Though there is a point based system for the purchase of attributes, there is no such system for super powers. Donald Saxman had intended to write three books for he Superhero 2044 system in which one of the later books would provide such a system, but those books were never published. This doesn't mean that no power design rules were ever published. Wayne Shaw - who I interviewed on the Geekerati podcast - wrote an extensive super power design rules set in Niall Shapero's excellent The Lords of Chaos fanzine and Shaw offers some ideas in the insert to the 2010 reprint of the game.





Because of the lack of a super power design system, the game sat on my shelf for some time. When I did read the book, I found it to be much better than I expected. While I would argue that without Wayne Shaw's additions in The Lords of Chaos issue 8 the game would be challenging to run,without Superhero 2044 modern super hero role playing would not be what it is today.  The game had a significant influence on the super hero games that came after Superhero 2044 and if it hadn't been written there would be no Champions, Supergame, or Golden Heroes. Each of those super hero games lifts a concept out of Superhero 2044 and structures a game around that concept.

Superhero 2044 is more than the first super hero role playing game, it is the foundation upon which many games followed.

As I mentioned earlier, it was the first superhero game to include point based character construction. Though the point expenditure was limited to the building of a character's "attributes" and were not a part of "power design." This innovation, and at the time of Superhero 2044 this was a significant innovation, is one of the major design starting points for a number of super hero role playing games -- not the least of which is the Champions game. The Champions first edition rule book mentions the influence that Wayne Shaw's character creation rules had on the game's early design, but the influence Superhero 2044 had on Champions reached beyond the character design system.

Influence on Champions' Combat System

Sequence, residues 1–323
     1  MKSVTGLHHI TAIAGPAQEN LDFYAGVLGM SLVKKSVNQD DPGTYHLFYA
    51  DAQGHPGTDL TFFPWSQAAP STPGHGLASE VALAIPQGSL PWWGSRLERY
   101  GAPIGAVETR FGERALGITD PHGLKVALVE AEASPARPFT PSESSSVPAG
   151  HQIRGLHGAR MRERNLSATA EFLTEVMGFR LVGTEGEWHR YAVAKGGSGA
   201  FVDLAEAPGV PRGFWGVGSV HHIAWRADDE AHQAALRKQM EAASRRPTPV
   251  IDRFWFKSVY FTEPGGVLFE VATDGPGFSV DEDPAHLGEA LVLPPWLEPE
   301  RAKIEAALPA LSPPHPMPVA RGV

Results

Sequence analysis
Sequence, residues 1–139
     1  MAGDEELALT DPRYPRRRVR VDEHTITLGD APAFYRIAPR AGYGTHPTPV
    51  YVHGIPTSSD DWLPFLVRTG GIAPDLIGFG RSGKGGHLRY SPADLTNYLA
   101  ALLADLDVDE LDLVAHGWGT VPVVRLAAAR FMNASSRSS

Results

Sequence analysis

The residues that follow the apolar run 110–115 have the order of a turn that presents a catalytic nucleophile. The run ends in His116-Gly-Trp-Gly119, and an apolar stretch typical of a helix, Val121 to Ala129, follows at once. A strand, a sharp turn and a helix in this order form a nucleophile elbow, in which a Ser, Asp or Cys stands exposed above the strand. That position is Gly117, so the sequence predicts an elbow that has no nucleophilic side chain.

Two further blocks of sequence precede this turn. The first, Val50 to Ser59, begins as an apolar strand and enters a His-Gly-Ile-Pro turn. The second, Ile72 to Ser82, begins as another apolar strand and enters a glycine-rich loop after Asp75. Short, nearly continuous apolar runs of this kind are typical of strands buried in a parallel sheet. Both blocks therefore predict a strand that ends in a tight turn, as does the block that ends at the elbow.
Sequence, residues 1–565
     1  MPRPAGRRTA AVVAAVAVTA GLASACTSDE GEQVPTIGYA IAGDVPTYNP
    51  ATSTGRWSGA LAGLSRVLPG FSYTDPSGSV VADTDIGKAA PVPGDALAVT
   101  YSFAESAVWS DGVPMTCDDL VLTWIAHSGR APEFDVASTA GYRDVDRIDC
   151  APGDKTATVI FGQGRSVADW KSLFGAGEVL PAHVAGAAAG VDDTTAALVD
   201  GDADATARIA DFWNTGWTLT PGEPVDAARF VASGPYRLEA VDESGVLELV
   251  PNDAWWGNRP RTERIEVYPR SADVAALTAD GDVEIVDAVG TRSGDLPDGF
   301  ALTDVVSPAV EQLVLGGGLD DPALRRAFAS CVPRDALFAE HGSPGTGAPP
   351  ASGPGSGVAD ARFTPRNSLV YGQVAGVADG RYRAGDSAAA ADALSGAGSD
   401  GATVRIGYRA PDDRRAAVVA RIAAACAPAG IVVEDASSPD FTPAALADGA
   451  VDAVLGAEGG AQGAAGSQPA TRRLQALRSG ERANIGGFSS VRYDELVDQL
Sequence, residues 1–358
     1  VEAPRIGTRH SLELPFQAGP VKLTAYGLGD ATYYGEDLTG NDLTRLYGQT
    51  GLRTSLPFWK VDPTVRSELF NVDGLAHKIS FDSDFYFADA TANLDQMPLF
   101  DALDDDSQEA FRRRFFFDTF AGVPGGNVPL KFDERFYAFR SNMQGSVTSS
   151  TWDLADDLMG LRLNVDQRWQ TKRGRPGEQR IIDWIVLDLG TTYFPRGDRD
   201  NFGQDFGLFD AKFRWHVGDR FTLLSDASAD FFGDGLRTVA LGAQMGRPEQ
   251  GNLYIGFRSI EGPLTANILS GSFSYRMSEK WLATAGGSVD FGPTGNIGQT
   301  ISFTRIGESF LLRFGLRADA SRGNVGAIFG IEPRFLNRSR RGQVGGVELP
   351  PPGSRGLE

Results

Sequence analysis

In addition to being inspired by the point based character design of Superhero 2044 it is evident that Champions melee combat system was influenced by Donald Saxman's game as well.

In Champions combat is resolved by taking a character's "Offensive Combat Value" and subtracting an opponent's "Defensive Combat Value." The result of that subtraction is then added to 11 to find the number required to hit an opponent on a roll of 3 six-sided dice. Champions combat system is one of the best on the market and the fact that it uses a comparison of combatant's effectiveness, and a bell curve resolution system, are among its chief strengths.

In Superhero 2044, you take a character's "Stamina" and subtract his opponents "Stamina." The difference between these two numbers is compared to the Universal Combat Matrix which gives you a number between 3 and 18 that the character must roll on 3 six-sided dice to determine if the character hit his opponent. It should be noted that this combat system is only used for "melee" combat in Superhero 2044, where it forms the foundation of Champions combat.

The Champions version is more elegant, as the result of the initial comparison is the modifier to the 3d6 roll, but it is the same system. It is as if the designers of Champions playtested and refined the Superhero 2044 melee combat system. Champions combat has some significant differences overall to Superhero 2044, but one can see that one echoes the other.

Influence on Supergame

Like Champions, Supergame was influenced by Superhero 2044's point based character generation system. Given its own 1980 design date, and the fact that it was a part of "California Gaming Culture," might hint that Supergame itself also influenced Champions. One sees the underpinnings of Superhero 2044 is in the purchase of a character's starting attributes.

Both systems feature something that many modern gamers might consider odd. All of a character's attributes start at zero and can be increased -- this itself isn't odd to the modern gamer. What is odd is that both games have attribute levels where the character is suffering from a disability. In Superhero 2044, if a character has an Endurance of less than 20 that character is "fatigued" or worse. In Supergame, a character with an "Agony Score" of less than 15 "may either move or attack, but only one per turn." There are similar penalties for "Vigor" in Superhero 2044 and "Physical Score" in Supergame. The names of the attributes and the level of effect are different, but one can see the similarities. Most modern systems would start a character with a base number of points sufficient to not be fatigued or incapacitated, but both Superhero 2044 and Supergame allow for the possibility.

But it isn't the point based character design where Supergame bears the most similarity to its predecessor. Supergame includes rules for building specific powers -- though not as robust the later published Champions -- that are themselves an innovation over the state of gaming at that time and a step beyond what were offered in Superhero 2044.